To compare demographic characteristics in case and comparison probands, chi-square tests were used for categorical data and t tests for continuous data. The rate of OCD in case versus comparison relatives was assessed with chi-square tests, and odds ratios were calculated for risk estimation. In a more complex model, the relatives’ age-related risk of being affected by OCD was estimated by a Cox proportional hazards analysis (23). With Cox regression it is possible to calculate the hazard ratio and survival time for cases under the influence of certain covariates for all cases in the model, even if only a small proportion are affected by the illness. Cases in which the “event”—in this model, relatives being affected by OCD—did not take place during their lifetime up to the time of the interview were censored. This model specifically estimates the risk of relatives’ developing OCD given their present age. A significant Wald chi-square statistic indicates that the variable is useful for the Cox regression model. To adjust for differences between the tested samples, the following covariates were included in all Cox regression models: sex of the proband or comparison subject, type of interview (direct or informant), education (college or high school graduates versus others) of the proband or comparison subject, number of relatives per family (≤2 or >2), and type of relative included (parent, sibling, or offspring [yes or no for each]). The contribution of the type of relative to the risk for definite and subclinical OCD in relatives was also computed by including each of the three values for type of relative separately into the Cox regression.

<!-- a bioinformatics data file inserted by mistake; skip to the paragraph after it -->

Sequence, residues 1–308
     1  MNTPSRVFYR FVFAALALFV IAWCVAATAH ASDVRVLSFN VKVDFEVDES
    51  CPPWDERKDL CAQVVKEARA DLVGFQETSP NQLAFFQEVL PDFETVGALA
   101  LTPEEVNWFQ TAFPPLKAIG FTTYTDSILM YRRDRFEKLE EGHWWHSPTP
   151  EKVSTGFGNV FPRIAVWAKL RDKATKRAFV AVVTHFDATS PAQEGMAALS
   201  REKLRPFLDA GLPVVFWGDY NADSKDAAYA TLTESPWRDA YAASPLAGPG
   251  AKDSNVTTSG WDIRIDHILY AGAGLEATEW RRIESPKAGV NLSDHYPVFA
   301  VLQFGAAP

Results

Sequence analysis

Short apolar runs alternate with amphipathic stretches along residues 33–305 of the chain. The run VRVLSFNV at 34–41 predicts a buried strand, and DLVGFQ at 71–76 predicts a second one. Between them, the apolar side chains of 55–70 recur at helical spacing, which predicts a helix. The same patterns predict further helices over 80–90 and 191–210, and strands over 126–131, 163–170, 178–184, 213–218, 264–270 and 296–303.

For the relatives of OCD probands from both treatment facilities and the community, the following variables were each entered separately into the Cox regression models: comorbid lifetime diagnosis of anxiety disorders, major depression, or anxiety disorder without comorbid depression in the probands, and age at onset of OCD (≤18 years or >18 years) in the probands. This procedure allowed us to investigate in an exploratory fashion whether these variables interacted with the risk of relatives’ being affected by definite or subclinical OCD. The Cox regression models were also adjusted for the covariates as indicated above.